The most harrowing museum I have ever seen is in Los Alamos, New Mexico. It is the Bradbury National Science Museum, which preserves artifacts from the Manhattan Project, the research laboratory producing the first nuclear weapons. Los Alamos was once a remote secret town in the middle of the desert. In the midst of World War II, 130,000 people across the US diligently collaborated on building the nuclear bombs eventually dropped on Hiroshima and Nagasaki.
As one enters the museum, there are two life-sized statues painted a ghostly shade of white, portraying Robert Oppenheimer and Edward Teller, the two nuclear physicists responsible for creating the most deadly and destructive nuclear bombs ever used on human beings. There is an X marked on the floor where museumgoers can stand to get “the perfect selfie” with these two brilliant men, who changed the world. If you read the small print on the plaque beside Oppenheimer, it states that he later expressed regret at developing the atomic bomb.
As you walk through this museum, there are remnants of actual bombs you can get right up to, even touch. These real bombs were not dropped and are no longer full of nuclear bomb stuff, but are described as similar to the ones that killed over 220,000 people in one big bang. And there are replicas of celebrity bombs that were detonated, like Little Boy and Fat Man. Yes, bombs were given cute names. There is also, and I am not kidding when I say this, a replica of the red button supposedly used by President Truman in 1945. Museum-goers can push it, and take selfies of themselves pushing it.
There is a Canadian section too. Evidently, a Canadian company supplied many of the atomic bomb ingredients. There is a display of the full hazmat suit which they claimed would protect people from a nuclear bomb attack. It has never been tested, as it was not given to any of the 220,000 bomb victims before the bomb was dropped. It made it into the museum as a demonstration by a good and loyal ally, with great innovative skill.
After the bombing of Hiroshima and Nagasaki, there were celebrations in Washington, DC. The museum has a display case of keepsakes from those parties. Women evidently wore nuclear bomb earrings, and at a fancy black-tie gala celebrating this successful ending of the war by the American heroes, partygoers were served a giant angel food cake frosted like a nuclear bomb explosion. As part of this display is a photo of a high-ranking military man cutting into the atomic cake, his chic wife at his side, wearing a hat much like the one Jake Angeli would wear approximately 76 years and 6 months later for Insurrection Day 2021.
But of all the things I saw and experienced at this harrowing Manhattan Project museum in Los Alamos, the one that haunts me was not in any of the display cases; rather, it was the total stranger standing beside me at the final exit area.
In an attempt at a counterpoint to the glories of the bomb that “ended the war,” the exit area is devoted to anti-war posters, most of them psychedelic-looking ‘70s love-in stuff. And finally, a wall of comments on “war” written all over a wall in crayon—the thoughts of the schoolchildren who come through this grisly frightening museum every year.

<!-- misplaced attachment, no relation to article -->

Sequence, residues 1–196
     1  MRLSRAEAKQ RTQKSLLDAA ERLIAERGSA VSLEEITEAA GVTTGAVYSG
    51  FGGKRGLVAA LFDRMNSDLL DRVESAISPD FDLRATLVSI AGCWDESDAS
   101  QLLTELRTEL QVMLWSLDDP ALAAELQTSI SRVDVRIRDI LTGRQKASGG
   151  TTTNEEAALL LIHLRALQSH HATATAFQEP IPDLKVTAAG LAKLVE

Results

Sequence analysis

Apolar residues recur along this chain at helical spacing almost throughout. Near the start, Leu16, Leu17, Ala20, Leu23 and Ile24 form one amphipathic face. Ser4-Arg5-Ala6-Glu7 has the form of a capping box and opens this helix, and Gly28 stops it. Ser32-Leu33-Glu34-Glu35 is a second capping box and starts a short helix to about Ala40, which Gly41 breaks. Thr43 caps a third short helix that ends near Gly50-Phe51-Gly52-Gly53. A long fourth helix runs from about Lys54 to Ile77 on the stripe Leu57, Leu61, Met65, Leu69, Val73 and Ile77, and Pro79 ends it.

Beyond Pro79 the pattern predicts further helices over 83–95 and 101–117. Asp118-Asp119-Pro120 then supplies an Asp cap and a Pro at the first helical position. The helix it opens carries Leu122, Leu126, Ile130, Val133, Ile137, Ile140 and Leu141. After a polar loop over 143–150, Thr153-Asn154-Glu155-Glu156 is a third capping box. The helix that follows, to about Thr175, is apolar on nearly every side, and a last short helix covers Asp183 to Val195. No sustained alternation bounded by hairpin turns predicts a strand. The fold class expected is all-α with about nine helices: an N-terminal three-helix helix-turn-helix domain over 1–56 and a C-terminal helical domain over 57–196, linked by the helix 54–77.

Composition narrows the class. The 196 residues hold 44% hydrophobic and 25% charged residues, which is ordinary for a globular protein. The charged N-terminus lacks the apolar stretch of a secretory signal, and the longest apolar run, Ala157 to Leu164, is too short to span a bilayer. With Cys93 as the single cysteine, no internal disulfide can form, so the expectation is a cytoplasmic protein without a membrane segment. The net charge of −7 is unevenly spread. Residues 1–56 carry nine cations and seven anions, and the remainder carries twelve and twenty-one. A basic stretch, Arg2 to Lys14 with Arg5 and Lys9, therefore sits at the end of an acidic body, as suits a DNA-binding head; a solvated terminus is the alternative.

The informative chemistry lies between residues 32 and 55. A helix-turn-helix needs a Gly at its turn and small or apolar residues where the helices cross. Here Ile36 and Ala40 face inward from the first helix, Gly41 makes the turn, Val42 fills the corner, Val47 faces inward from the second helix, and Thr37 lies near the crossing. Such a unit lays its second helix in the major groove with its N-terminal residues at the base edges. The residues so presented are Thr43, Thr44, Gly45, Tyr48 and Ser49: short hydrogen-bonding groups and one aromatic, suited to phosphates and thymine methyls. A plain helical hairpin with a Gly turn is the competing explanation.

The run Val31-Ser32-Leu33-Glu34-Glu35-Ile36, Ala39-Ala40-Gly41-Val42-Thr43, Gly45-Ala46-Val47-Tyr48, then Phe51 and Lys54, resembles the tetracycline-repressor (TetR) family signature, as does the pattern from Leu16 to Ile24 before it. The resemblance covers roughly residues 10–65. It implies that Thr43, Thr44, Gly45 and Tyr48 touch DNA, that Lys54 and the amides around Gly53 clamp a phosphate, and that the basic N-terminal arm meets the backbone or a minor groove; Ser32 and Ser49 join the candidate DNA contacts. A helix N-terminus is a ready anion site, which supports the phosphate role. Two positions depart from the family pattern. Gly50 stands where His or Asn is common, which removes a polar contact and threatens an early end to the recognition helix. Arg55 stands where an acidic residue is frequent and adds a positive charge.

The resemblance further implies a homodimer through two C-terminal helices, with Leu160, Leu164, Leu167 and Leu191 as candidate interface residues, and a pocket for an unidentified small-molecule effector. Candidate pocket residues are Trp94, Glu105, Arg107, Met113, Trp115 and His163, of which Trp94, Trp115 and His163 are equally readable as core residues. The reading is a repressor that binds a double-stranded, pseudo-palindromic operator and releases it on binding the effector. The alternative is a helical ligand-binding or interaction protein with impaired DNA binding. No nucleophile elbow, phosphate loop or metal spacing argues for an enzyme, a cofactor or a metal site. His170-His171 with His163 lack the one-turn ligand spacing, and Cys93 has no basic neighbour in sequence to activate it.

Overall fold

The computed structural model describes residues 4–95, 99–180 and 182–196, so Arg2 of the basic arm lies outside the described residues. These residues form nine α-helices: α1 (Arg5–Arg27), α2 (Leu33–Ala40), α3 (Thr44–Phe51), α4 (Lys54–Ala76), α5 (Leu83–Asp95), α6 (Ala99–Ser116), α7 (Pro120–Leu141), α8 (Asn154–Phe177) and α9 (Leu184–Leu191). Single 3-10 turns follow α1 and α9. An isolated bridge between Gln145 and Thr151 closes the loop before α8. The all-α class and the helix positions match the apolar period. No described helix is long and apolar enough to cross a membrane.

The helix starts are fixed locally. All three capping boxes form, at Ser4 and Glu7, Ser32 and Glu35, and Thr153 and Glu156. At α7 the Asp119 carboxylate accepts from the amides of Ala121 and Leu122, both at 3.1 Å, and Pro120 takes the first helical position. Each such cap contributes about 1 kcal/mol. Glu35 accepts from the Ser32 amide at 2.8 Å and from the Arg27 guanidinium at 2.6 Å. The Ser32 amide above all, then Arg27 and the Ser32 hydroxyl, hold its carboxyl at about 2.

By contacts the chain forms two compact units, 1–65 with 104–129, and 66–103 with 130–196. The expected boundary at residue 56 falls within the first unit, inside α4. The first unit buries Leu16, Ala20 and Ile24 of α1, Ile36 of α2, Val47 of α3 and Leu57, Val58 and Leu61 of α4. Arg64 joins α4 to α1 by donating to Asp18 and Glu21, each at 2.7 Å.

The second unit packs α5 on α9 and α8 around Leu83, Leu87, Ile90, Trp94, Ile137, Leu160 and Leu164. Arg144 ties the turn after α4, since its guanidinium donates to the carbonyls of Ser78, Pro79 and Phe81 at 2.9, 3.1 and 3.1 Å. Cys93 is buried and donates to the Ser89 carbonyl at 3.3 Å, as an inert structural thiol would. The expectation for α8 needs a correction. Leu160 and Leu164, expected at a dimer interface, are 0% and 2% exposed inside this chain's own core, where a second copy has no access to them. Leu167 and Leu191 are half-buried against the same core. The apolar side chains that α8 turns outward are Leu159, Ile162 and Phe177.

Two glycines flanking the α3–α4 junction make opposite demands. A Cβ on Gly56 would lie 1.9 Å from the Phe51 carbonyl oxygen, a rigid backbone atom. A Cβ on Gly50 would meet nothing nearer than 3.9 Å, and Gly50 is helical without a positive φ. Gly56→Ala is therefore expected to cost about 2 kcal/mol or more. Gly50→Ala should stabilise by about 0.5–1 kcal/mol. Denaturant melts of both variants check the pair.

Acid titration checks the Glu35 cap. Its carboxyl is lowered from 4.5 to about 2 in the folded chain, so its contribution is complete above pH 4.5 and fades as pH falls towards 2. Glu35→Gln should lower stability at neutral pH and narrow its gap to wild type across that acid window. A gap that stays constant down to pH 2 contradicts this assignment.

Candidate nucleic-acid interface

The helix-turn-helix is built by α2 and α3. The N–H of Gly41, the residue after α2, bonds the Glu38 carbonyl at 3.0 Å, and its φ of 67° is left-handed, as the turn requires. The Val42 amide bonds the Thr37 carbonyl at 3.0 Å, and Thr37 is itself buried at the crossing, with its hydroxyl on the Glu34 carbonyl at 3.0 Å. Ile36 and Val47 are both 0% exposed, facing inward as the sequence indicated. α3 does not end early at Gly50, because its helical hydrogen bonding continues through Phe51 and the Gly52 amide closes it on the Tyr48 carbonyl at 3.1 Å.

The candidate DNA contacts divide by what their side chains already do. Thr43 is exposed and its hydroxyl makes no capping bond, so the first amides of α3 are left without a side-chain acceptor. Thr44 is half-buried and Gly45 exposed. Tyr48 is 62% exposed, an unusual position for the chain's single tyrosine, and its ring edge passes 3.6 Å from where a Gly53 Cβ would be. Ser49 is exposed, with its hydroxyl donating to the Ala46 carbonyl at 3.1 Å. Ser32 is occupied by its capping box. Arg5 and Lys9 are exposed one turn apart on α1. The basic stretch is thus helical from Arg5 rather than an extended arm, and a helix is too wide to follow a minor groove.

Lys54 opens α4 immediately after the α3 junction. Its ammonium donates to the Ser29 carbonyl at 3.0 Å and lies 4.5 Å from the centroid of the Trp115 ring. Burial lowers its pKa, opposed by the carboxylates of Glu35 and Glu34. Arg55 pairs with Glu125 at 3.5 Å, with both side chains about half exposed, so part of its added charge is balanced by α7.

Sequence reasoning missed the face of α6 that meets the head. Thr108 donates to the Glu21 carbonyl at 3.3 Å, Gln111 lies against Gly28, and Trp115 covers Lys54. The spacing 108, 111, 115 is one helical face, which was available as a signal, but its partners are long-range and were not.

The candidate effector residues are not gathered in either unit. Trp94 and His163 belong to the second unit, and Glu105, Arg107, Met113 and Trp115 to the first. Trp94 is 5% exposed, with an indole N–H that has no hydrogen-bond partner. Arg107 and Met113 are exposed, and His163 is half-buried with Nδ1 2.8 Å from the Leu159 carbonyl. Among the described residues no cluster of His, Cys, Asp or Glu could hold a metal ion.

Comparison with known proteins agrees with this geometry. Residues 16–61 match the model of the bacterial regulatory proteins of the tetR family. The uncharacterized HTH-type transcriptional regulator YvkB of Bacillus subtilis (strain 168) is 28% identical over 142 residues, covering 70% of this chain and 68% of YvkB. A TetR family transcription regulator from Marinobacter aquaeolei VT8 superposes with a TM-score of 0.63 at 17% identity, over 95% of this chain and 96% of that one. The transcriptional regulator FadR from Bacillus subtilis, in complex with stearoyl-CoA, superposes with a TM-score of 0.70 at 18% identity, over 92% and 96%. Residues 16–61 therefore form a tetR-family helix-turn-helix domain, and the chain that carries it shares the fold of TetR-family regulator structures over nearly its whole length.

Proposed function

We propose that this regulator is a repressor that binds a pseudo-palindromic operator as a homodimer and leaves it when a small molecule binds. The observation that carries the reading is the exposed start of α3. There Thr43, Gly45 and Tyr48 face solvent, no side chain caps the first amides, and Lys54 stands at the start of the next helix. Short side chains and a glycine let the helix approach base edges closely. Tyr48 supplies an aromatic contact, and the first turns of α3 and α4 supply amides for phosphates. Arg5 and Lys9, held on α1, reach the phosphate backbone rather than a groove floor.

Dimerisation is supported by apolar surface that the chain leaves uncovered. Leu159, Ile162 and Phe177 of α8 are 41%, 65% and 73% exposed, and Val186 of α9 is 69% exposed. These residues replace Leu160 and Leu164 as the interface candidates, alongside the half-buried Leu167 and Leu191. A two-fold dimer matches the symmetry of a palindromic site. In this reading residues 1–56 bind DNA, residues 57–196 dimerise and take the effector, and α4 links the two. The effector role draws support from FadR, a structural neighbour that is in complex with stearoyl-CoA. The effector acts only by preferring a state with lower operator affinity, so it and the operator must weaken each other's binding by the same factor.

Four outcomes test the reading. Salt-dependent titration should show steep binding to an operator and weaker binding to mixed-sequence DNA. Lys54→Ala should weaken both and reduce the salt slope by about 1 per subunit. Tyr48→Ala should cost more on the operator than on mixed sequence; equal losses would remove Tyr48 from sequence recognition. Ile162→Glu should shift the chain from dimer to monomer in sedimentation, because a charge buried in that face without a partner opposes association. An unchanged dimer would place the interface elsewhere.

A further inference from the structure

The woman beside me was just a touch older than I am, likely born in the early 1950s. She shook her head in disgust at the wall of crayoned anti-war statements from the children and audibly sighed in disgust. I turned my head to meet her eyes and said: “at least there is some hope that today’s children …”
Before I could finish my sentence, she interrupted me. “Today’s children? What? What? Today’s children have no idea what this was and why it was. I’m grateful for every bomb we dropped. My father was over there and these scientists made it possible for him to come home.” Then she motioned for her husband to come to her side and she angrily walked around me to get to the exit faster.
I imagine a time, not too long from now, that there will be a museum display of the American Insurrection of 2021. I imagine a historian, a curator, and an educator coming up with the best way to explain to future generations of school kids what happened on January 6, 2021.
At the Museum of the American Insurrection of 2021, there will be another display case of wax figurines. At the centre will be President Donald J. Trump, and beside him his impeccably beautiful daughter Ivanka, flanked on the sides by his two sons, waxed in his own image. Held loosely in Trump’s hands will be the “football” that follows the President of the United States around for the entire time of his presidency. In this oft-told legend about the nation that sees itself as the leader of the free world, the precious football contains secret codes that can be used at any moment to obliterate someone, or some nation (or, if necessary for freedom, the whole world).
We are reassured, again, that these codes can only be used by a person who is legally elected President, by the people, and for the people.
And of course, there will be a spot with an X where museumgoers can stand to get the perfect selfie with the Trump family.
People will be encouraged to put their hands on the replica football, and to take another selfie, for the best way to learn history is to make it a muscle memory.
Jody Smiling is a National Magazine Award-winning author in Toronto.